Utilitarianism Summary and Analysis of Chapter III


In Chapter III, Mill addresses the question of the sanction of moral obligation with respect to utility. The matter at hand is that moral values seem by definition to impute within us a charge to carry them out; it is this prescriptivity for which Mill feels moral theories, including his own, must account.

The structure of Mill's argument in responding to this question consists of the place of origin of prescriptivity relative to the moral agent. Thus, he stipulates that there exist origins of duty both internal and external to the agent. Logically, by considering both he ostensibly covers the scope of possibilities in terms of precisely where the duty originated.

The first class of duty origin, with which Mill is less concerned, is external sources. Mill claims in essence that we have no reason to believe that utilitarianism would not be privileged to the same external sources of sanction that other theories have been purported to have - namely, divine sanction. Mill also adds that insofar as the interests of other humans with whom we coexist can constitute external sanction, we have reason to believe the utilitarianism would be sanctioned more than any other moral system.

Mill is more interested in addressing internal sources of sanction for utilitarianism. The major internal sanction that Mill denotes is the conscience. Though extant in our common vernacular and of a similar meaning to Mill, it is worth noting that he is particularly interested in the aspect of consciousness that constitutes an internal censor of breaking perceived moral duties.

In effect, Mill's appeal to consciousness is that people subjectively intuit the sanction of utility. The reader ought to draw a parallel with Mill's conception of moral proof, because the conscience is precisely the arbiter of the standard of proof that Mill has in mind. It is perhaps reductive to call this faculty "moral intuition"; more correctly, Mill is referring to the faculty of our reason by which we perceive moral duties and are able to analyze them rigorously.

Mill acknowledges that there exists a concern, particularly in discourses of sanction, of whether internal sanction is implanted by the moral status of the external world, or if it is innate. Suffice it to say that Mill does not see this question as having any bearing on his argument. The reasoning behind this is that an innate ontology would very reasonably fit with a system based around pleasure and pain, whereas an implanted system would reflect the previously-mentioned force of the interests of others.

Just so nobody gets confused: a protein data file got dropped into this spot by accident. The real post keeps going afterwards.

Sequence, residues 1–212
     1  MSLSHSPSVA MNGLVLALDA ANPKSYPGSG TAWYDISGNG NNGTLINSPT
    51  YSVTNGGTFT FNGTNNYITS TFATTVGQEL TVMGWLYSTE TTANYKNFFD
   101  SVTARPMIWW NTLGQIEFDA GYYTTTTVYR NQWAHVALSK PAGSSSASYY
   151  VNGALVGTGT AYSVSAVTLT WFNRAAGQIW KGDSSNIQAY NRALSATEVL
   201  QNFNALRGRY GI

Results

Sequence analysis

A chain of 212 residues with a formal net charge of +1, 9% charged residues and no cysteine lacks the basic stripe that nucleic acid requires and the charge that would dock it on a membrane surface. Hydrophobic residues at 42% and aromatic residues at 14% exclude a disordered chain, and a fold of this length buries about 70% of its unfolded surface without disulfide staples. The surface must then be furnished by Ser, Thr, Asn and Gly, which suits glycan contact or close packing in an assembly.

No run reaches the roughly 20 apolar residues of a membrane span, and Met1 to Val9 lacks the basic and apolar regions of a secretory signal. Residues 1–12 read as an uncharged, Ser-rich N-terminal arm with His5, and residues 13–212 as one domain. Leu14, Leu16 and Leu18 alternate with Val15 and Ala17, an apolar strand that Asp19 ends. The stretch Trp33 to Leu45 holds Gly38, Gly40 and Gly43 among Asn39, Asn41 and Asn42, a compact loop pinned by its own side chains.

Further considering the interests of others, Mill makes a final point that the sanction of utility also comes from more fundamental human sentiments, as he believes all moral theory must. The sentiments Mill has in mind are our social sentiments: in particular, we desire unity and harmony amongst ourselves and other beings. A moral system based on maximizing happiness and minimizing unhappiness in the group is an ideal means to that end.


Note that this is virtually the only place where God significantly enters Mill's argument. As with animal considerations discussed in Chapter II, this is probably a relic of Mill's time. As devoutness was the norm, it was typical for morality to derive its sanction directly from God; it was no doubt important for Mill to point out that there was no reason to suppose that God would not impart utilitarianism on people as much as any other theory.

Also note the relatively small amount of space devoted here to mentioning God. Mill's emphasis is clearly on democratizing ethics, and that comes out plainly in his focus regarding external sanction on the interests of other people. The idea is that the very act of living in society sanctions morality and, specifically, utility more than the divine would.

This social focus is driven home by the corroboration of conscience with what Mill calls our social sentiments. Mill evidently believes that, whether internally or externally sanctioned, it is the basic fabric of society that ultimately supports utilitarianism's ontology.

This leads to the question of what would happen if someone were raised outside of society. Suppose a baby is left to grow up alone on an island and then is transplanted to a city. Would he be able to behave morally?

One answer is to question whether any such person would survive in the first place. What Mill has grasped is that society on some level seems necessary to our very existence; as such, it is difficult to even model what sort of person would exist, morally or not, outside its bounds.